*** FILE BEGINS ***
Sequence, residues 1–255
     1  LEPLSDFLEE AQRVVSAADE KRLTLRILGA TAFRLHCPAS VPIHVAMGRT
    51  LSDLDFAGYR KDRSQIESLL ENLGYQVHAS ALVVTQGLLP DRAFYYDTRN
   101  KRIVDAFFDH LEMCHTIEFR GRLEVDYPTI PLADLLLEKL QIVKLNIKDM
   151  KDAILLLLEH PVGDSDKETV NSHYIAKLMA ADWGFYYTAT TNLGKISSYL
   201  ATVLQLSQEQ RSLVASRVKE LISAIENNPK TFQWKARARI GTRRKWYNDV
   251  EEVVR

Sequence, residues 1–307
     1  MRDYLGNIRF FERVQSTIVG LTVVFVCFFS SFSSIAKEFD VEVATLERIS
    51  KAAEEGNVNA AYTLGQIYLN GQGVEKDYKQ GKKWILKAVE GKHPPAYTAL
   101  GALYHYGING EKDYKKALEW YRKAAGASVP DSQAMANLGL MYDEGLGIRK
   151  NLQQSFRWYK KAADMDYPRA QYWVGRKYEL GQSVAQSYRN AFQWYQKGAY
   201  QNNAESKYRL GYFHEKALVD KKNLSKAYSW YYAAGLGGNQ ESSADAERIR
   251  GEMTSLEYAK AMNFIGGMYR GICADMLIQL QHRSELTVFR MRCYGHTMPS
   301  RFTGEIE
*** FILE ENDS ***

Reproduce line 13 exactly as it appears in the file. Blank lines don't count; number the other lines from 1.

   201  QNNAESKYRL GYFHEKALVD KKNLSKAYSW YYAAGLGGNQ ESSADAERIR